How To Balance Your Child’s Time When Getting Divorced

Parents take decisions and children have to live with the consequences. The decision to divorce may be one of the hardest decisions a parent ever has to make, but the sad truth is, if handled the wrong way, it can be even worse for the children.

The good news is that handled the right way, divorce can be a manageable experience for children of any age. They may never be happy about it, but they can learn to come to terms with it, provided that they still get equal care and attention from both parents.

Here are some tips on making that happen.

Start by working out where children need to be and when   

In this context need means need and as such is non-negotiable. The most obvious example of places children need to be are school and bed. Block out these times and only these times. For the moment, ignore the issue of travel. Right now all that matters is where children need to be and when.

Then work out where parents need to be and when   

In addition to work, parents also need sleep time, plus they may need time for other matters like doctor’s appointments or other caring responsibilities, such as taking care of elderly relatives.

It may be possible, or even desirable, for children to be with them for some of these essential activities and where this is the case, make sure to take a note of this.

As before, ignore travelling time, focus purely on where parents need to be and when and if children can be there too.   

Move on to working out where and when the children have their key commitments 

In this context, key commitments means the places the children really want to be, so their most important activities. This could be anything from after-school clubs, to regular play-dates to being with grandparents. Again, ignore travelling time for now, just look at where children need to be and when.

Finally, work out where parents want to be and when. 

Parents need some downtime too, so acknowledge this and try to make it happen if at all possible.

Map out the best way to join all these dots 

In general, your order or priorities should be as listed above: children’s needs, parent’s needs, children’s wants and then, finally, parent’s wants. While you should, obviously, aim to give your children as many of their (reasonable) wants as possible and certainly do everything you can to ensure that they continue to make established commitments (unless you have reason to believe that they’d prefer to drop them anyway), the fact is that there’s no point in setting an expectation that you will do something if both parents need to be somewhere else and there is nobody to step in.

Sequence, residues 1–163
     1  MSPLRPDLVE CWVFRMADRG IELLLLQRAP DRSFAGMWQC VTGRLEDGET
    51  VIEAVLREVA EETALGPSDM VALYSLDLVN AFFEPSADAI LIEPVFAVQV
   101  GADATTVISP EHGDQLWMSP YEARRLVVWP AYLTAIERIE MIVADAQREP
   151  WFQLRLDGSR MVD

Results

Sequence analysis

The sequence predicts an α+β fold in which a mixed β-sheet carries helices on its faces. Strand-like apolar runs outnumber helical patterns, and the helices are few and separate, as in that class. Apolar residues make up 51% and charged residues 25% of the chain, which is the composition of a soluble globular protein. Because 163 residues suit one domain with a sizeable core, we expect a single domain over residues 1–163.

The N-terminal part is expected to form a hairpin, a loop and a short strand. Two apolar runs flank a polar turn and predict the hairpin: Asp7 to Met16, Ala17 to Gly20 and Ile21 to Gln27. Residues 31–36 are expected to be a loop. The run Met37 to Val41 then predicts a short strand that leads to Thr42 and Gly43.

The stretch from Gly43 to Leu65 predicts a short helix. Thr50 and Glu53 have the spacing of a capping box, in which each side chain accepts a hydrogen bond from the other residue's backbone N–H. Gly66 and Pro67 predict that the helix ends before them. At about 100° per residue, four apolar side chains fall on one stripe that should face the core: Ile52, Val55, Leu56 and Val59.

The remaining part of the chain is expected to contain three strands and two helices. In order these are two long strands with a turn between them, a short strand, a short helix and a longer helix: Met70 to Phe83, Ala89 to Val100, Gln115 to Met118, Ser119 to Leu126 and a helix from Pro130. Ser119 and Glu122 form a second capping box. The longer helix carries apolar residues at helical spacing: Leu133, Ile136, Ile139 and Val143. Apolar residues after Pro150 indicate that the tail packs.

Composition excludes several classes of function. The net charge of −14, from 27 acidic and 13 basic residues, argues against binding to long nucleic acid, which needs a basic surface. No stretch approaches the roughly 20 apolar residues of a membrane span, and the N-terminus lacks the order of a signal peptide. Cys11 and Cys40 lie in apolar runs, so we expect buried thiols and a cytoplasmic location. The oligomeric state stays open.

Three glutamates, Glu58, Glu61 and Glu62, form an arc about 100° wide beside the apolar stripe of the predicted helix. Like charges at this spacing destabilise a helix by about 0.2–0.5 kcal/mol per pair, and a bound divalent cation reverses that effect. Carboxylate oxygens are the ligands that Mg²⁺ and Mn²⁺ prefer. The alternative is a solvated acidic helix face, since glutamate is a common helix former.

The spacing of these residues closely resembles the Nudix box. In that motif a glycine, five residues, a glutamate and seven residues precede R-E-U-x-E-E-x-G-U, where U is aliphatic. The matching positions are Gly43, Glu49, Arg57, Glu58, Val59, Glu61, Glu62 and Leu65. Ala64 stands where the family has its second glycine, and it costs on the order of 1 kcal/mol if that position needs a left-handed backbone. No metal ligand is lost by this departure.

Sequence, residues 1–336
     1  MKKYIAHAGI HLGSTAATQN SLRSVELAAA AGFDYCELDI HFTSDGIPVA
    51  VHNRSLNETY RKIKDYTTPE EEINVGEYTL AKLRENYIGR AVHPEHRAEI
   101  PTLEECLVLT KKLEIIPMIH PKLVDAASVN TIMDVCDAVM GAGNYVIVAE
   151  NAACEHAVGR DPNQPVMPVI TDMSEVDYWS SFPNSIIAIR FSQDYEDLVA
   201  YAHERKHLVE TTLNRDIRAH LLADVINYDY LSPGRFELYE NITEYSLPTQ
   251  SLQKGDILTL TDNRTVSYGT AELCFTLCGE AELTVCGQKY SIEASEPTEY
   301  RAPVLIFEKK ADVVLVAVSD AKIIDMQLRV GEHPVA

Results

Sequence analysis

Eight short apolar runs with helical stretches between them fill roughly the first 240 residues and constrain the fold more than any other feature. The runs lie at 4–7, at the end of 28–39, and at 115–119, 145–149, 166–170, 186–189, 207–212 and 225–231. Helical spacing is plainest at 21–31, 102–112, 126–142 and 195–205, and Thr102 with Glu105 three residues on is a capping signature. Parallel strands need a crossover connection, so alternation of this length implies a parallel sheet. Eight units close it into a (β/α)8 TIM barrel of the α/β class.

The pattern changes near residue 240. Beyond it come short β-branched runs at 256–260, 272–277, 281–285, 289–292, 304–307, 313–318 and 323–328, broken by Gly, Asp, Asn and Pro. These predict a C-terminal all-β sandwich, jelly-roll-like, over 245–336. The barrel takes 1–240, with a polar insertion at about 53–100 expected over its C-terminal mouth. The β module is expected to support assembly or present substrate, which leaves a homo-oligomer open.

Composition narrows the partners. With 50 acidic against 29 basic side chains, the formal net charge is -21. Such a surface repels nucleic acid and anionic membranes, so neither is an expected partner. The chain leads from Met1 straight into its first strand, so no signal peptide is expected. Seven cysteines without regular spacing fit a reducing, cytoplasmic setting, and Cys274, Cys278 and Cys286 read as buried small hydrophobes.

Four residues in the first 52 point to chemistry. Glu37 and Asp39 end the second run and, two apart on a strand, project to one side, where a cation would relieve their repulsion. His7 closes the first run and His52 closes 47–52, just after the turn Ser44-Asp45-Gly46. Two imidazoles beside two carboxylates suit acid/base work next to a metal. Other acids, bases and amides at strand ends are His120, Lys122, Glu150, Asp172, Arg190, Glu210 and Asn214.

Remember to factor in travel time and treat it as travel time 

The reason for ignoring travel time in the early stages was because the first priority was to establish where children and parents needed to be as a prerequisite to looking at the different options for getting them there.

When you actually start to look at ways to turn a set of points on a schedule into a workable routine, then it becomes important to think about the practicalities of getting from A to Z via all relevant points in between.

For the most part, in the real world, these commutes will be contact time with a parent (or other carer) but they will not, necessarily, be quality time, especially not if the trip is by car and the parent has to focus on the road.

In order to be fair to everyone, this reality should be acknowledged and factored into any discussions about how the children spend their time.

Do your best to leave blank space in everyone’s calendar

Life is going to happen and there needs to be some flexibility to cope with this. By leaving some blank space in everyone’s calendar, you give yourself room to manoeuvre when the need arises, which it almost certainly will.   

Focus on the moments rather than the minutes 

While it’s important that children spend fairly equal amounts of both contact time and quality time with both parents, they are not food items which can be split equally down the middle to give each parent an exact half.

Instead of parents worrying about making sure they get their “fair share” of their children’s time, focus on making time with the children precious so that they fully understand that, regardless of what is happening in their parent’s relationship, they are loved and valued by both the key people in their lives.    

Author Bio

Elizabeth Bilton is an accredited mediator and qualified solicitor for Midlands Dove, with a specialism in family law disputes. Elizabeth is one of only a few Mediators in the UK with an appropriate FMC accreditation to sign off on MIAMs required by the Family Court prior to an application being issued.